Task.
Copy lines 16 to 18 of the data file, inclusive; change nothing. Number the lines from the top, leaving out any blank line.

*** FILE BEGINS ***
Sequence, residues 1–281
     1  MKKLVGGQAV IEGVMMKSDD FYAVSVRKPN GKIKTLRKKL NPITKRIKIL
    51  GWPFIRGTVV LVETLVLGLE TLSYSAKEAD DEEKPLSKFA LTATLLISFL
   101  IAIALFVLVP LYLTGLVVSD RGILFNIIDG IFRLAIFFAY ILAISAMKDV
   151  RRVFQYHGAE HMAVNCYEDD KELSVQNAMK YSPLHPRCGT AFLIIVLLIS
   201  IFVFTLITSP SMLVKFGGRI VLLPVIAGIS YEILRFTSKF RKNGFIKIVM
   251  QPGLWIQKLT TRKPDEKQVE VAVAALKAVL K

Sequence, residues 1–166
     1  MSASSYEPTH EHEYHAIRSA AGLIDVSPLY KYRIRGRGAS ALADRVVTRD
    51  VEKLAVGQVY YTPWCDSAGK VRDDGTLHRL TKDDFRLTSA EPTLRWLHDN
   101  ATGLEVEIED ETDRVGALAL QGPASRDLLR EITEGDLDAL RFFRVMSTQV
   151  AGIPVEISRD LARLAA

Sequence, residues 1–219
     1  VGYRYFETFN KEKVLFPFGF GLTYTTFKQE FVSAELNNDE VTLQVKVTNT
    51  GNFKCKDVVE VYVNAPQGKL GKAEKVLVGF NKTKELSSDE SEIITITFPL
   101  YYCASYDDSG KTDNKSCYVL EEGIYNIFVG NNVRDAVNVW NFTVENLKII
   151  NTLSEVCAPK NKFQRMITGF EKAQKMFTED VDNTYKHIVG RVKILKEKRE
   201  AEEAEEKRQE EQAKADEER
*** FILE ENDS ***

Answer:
   101  YYCASYDDSG KTDNKSCYVL EEGIYNIFVG NNVRDAVNVW NFTVENLKII
   151  NTLSEVCAPK NKFQRMITGF EKAQKMFTED VDNTYKHIVG RVKILKEKRE
   201  AEEAEEKRQE EQAKADEER